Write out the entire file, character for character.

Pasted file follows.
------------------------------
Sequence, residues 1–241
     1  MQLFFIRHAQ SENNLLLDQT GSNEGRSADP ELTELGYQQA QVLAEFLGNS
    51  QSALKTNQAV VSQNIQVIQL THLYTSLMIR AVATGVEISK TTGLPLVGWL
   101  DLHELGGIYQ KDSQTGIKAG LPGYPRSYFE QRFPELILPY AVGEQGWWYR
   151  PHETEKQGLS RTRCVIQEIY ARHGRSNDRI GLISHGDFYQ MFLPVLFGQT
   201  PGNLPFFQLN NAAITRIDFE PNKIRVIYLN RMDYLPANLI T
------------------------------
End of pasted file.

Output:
Sequence, residues 1–241
     1  MQLFFIRHAQ SENNLLLDQT GSNEGRSADP ELTELGYQQA QVLAEFLGNS
    51  QSALKTNQAV VSQNIQVIQL THLYTSLMIR AVATGVEISK TTGLPLVGWL
   101  DLHELGGIYQ KDSQTGIKAG LPGYPRSYFE QRFPELILPY AVGEQGWWYR
   151  PHETEKQGLS RTRCVIQEIY ARHGRSNDRI GLISHGDFYQ MFLPVLFGQT
   201  PGNLPFFQLN NAAITRIDFE PNKIRVIYLN RMDYLPANLI T